North Korea on Saturday proposed a joint investigation with the U.S. into the hacking attack against Sony Pictures Entertainment, warning of consequences if Washington rejects the probe. The FBI blamed North Korea for the hacking of SPE's servers, citing the tools used in the Sony attack and previous hacks linked to the North, and have vowed to respond. The break-in resulted in the disclosure of confidential Sony emails and business files, and escalated to threats of terror attacks against U.S. movie theaters that caused Sony to cancel the Christmas Day release of "The Interview," a comedy about a plot to assassinate North Korean leader Kim Jong Un.
On Saturday, a North Korean Foreign Ministry spokesman in Pyongyang proposed the joint investigation with the U.S., saying the North knows how to prove it's not responsible for the hacking and that the U.S.l have been unfounded rumors.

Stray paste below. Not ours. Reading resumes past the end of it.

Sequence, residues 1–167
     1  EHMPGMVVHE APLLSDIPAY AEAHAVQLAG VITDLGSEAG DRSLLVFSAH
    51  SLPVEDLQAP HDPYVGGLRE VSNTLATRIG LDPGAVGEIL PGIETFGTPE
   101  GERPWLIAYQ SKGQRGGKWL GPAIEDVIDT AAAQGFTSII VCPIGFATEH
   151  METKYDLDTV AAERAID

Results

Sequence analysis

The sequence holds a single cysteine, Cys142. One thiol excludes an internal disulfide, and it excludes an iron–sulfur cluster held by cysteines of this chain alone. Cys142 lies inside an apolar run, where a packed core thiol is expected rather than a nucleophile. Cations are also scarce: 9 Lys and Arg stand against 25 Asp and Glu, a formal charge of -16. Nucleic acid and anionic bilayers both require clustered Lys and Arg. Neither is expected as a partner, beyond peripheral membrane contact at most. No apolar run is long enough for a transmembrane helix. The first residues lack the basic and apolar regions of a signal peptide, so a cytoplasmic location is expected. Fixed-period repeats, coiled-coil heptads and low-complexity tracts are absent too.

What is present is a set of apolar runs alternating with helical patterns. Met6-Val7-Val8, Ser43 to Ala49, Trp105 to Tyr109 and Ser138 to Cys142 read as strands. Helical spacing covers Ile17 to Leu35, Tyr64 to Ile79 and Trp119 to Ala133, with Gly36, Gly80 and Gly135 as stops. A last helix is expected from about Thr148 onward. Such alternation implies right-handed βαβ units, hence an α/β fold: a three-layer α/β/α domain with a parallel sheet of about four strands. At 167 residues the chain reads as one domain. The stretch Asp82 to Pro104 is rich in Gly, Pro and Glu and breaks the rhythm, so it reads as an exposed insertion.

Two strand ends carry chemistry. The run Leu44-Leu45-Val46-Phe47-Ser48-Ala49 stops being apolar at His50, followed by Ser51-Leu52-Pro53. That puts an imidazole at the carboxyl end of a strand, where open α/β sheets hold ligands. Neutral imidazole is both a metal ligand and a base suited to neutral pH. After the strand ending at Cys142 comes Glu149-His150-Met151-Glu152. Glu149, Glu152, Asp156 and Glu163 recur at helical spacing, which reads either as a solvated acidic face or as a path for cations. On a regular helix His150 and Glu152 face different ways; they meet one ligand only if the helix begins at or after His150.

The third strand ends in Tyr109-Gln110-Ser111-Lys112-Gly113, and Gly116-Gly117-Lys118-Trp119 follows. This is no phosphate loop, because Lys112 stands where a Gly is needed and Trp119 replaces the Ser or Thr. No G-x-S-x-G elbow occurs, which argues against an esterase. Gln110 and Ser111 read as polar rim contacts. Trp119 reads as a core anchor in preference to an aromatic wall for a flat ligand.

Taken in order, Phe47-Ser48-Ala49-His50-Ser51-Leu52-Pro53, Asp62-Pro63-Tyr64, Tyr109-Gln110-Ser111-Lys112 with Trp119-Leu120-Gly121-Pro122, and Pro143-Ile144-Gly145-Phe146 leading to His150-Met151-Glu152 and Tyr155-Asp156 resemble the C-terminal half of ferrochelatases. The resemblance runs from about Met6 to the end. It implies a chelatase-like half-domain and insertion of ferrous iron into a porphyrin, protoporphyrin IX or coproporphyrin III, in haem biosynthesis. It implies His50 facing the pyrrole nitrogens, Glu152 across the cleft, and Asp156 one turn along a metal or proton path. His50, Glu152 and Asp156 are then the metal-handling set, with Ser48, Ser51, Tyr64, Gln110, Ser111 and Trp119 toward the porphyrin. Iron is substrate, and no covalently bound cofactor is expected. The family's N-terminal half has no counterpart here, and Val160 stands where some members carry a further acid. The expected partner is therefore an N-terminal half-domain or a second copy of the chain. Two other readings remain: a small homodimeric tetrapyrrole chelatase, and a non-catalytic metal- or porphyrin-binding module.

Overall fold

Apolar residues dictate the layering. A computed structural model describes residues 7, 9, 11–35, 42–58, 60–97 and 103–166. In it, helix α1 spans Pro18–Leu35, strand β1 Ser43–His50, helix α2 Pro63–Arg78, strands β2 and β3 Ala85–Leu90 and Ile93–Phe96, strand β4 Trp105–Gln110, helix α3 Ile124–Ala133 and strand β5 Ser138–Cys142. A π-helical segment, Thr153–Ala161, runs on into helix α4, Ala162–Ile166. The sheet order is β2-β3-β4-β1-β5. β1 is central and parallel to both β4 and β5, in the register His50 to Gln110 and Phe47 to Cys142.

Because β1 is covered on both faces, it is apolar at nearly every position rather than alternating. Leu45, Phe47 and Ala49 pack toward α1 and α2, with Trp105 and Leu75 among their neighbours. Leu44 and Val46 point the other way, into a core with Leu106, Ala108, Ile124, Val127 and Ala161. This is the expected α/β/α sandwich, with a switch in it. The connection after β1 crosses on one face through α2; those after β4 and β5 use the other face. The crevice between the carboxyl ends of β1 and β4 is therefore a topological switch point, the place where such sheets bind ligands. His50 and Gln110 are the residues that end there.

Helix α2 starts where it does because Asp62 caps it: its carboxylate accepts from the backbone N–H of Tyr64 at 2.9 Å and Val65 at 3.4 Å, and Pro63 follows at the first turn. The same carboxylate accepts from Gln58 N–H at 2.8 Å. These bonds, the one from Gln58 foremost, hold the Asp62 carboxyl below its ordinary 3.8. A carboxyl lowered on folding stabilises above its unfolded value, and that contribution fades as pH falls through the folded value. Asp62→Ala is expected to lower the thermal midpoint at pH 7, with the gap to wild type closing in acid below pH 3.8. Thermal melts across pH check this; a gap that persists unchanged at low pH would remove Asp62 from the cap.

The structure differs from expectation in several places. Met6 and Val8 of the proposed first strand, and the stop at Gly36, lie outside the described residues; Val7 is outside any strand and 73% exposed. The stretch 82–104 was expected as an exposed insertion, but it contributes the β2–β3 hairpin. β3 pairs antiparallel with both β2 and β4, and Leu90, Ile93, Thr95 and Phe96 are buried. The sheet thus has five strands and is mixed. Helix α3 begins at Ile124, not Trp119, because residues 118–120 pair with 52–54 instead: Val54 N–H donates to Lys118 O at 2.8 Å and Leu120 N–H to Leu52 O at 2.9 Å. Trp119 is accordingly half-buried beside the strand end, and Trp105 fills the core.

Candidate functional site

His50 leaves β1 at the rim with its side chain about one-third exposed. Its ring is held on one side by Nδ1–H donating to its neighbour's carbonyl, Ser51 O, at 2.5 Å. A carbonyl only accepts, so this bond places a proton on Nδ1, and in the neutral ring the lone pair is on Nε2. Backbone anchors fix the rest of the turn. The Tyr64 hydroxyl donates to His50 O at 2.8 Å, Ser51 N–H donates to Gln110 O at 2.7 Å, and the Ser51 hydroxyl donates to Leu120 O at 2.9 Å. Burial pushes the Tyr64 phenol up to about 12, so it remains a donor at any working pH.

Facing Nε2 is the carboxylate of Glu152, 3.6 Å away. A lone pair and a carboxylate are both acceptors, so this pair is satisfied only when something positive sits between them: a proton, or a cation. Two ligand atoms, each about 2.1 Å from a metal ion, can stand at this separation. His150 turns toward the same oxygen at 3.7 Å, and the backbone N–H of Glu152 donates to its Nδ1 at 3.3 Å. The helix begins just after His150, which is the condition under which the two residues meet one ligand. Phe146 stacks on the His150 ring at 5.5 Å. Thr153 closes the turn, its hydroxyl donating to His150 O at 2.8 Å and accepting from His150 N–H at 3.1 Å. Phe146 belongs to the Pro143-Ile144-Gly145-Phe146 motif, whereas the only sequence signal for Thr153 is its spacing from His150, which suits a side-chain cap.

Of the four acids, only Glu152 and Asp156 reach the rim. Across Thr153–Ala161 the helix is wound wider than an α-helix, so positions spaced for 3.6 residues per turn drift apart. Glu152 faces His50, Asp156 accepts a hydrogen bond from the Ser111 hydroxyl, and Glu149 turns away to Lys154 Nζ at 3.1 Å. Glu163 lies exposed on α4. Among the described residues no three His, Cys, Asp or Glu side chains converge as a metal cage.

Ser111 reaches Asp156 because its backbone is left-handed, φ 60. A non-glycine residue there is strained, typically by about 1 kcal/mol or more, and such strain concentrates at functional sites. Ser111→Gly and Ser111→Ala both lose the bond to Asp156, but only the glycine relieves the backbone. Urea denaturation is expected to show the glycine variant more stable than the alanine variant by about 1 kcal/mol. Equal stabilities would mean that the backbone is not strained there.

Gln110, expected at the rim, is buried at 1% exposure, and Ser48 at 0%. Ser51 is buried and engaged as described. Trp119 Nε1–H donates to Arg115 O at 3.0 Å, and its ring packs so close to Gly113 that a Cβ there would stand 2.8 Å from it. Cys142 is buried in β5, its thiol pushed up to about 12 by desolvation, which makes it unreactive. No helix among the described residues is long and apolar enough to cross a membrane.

"We propose the U.S. side conducting a joint investigation into the case, given that Washington is slandering Pyongyang by spreading unfounded rumor. We have a way to prove that we have nothing to do with the case without resorting to torture as what the CIA does," the spokesman said in a statement carried by Pyongyang's official Korean Central News Agency, or KCNA.
"The U.S. should bear in mind that it will face serious consequences in case it rejects our proposal for joint investigation and presses for what it called countermeasure while finding fault with the DPRK," the statement continued.
On Friday, President Barack Obama declared that Sony "made a mistake" in shelving the satirical film about a plot to assassinate the North Korean leader, and pledged that the U.S. would respond "in a place and manner and time that we choose" to the hacking attack on Sony that led to the movie's withdrawal.